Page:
The Love. The Hate. Facebook Groups [10 Links]

Facebook StormtrooperI’m working on (what I think is) a pretty great post on Facebook’s new groups feature aptly titled Facebook Groups which kills the old Facebook Groups pages. I’m still doing research and want to spend the weekend playing with the feature some more before I finalize my thoughts and the post. You can read Facebook’s own announcements on the changes to Groups.

So in the meantime and while I had a bunch of tabs open on the topic I thought I would do a quick 10 Links post. If you’ve read any of my other 10 Links posts I don’t try and draw conclusions for you but instead present the most relevant/interesting content for you to digest.

I would however love to hear what you think of them in the comments.

These are presented in no particular order and with no stated agreement or disagreement with any points made.

#1 – Facebook Groups Spam and The Notifications Dilemma – Inside Facebook

The aggressive default notifications and opt-out nature of Facebook’snew Groups feature are causing many users to see their email boxes fill with low-content alerts. However, while users can turn off these notifications, they should consider waiting until the initial flurry of notifications generated by being added to Groups or a set as an admin subsides before deciding whether to completely mute the new notifications.

#2 – Facebook’s New Groups: 5 Things You Need To Know – PCWorld

Should you be able to add your friends to a Facebook Group without their permission? That’s the question some critics are asking after several prominent tech bloggers were added to a group without their consent. Facebook’s new Groups feature allows any of your Facebook friends to add you to a group where you can privately share content such as photos, opinions, events, and text documents with others.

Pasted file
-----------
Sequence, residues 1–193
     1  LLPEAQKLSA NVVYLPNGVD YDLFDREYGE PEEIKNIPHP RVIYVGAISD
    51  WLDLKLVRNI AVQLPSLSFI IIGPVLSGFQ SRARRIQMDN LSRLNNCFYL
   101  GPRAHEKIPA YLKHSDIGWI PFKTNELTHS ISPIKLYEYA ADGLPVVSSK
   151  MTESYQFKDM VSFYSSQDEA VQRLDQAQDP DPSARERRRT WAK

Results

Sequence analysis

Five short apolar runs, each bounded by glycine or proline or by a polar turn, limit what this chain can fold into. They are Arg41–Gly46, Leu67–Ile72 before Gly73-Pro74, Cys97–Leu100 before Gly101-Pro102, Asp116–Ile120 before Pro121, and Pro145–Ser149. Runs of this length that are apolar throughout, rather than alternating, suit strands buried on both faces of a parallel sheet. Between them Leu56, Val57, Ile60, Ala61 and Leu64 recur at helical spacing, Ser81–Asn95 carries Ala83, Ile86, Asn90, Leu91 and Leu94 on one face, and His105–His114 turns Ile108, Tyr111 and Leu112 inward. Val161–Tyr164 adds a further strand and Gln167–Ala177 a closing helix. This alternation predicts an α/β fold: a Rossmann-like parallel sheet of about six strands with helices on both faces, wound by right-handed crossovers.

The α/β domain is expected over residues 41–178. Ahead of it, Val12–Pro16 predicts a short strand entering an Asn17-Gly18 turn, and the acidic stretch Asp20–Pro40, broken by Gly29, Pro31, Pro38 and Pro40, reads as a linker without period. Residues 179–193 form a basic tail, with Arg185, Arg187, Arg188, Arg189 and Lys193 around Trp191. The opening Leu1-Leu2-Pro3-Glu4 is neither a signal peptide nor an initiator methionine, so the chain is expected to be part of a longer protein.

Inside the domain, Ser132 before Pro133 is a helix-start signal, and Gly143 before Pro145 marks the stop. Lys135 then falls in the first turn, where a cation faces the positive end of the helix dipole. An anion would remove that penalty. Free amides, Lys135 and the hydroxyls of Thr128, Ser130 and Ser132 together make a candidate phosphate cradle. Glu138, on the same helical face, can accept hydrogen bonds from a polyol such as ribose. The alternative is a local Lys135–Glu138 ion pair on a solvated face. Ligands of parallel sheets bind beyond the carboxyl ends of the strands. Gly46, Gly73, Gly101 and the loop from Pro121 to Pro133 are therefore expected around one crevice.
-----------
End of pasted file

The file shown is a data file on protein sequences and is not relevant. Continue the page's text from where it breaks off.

#3 – The Ugly Side Of The New Facebook Groups – All Facebook

When Facebook released the revamped groups product yesterday, many people immediately decided to jump in head first. Unfortunately things haven’t been completely smooth sailing.

#4 – Dare Obasanjo aka Carnage4Life – Some Thoughts on Facebook Groups

Earlier this week Facebook announced the revamp of Facebook Groups. At first I planned to avoid commenting on this release since there is significant overlap between it’s functionality and that of Windows Live Groups so it is hard for me to have an objective perspective.

#5 – MSNBC Technology – Facebook Groups: Glitchy? Yes. Evil? Meh

Thanks to Facebook’s latest update, Groups, tech rock stars Mike Arrington (TechCrunch) and Jason Calacanis (Mahalo), now belong to NAMBLA — that’s the acronym most often associated with North American Man/Boy Love Association, or for you “South Park Fans,” The North American Marlon Brando Look-Alikes.

#6 – Facebook Groups: Privacy Blunder or Twitter Replacement: – GiggaOmTech News

Facebook rolled out a comprehensive upgrade to its Groups feature on Wednesday, but judging by some of the responses from both high-profile users and regular Facebook fans, the ability to “tag” anyone and add them to a group automatically is not winning the company much support. For some, this feature appears to be another example of Facebook’s preference for automatically opting people in to new services by default and forcing them to opt out, as it did with the recently launched Facebook Places. Others, however, greeted the new Groups with open arms and said the new features might even replace Twitter for some of their conversations — words that will probably be music to CEO Mark Zuckerberg’s ears.

#7 – BookBlog » Facebook groups – design flaws in social scaling

But Facebook’s implementation has a few serious social design flaws. The first is the invitation model. In default “closed” group, anyone can invite anyone else. In familiar groups tools like Yahoo Groups and Google Groups, there is a configurable, delegatable administration model. An administrator can be in charge of inviting new people, can delegate the ability to invite to others, or open up for anyone to invite, or open for anyone to join.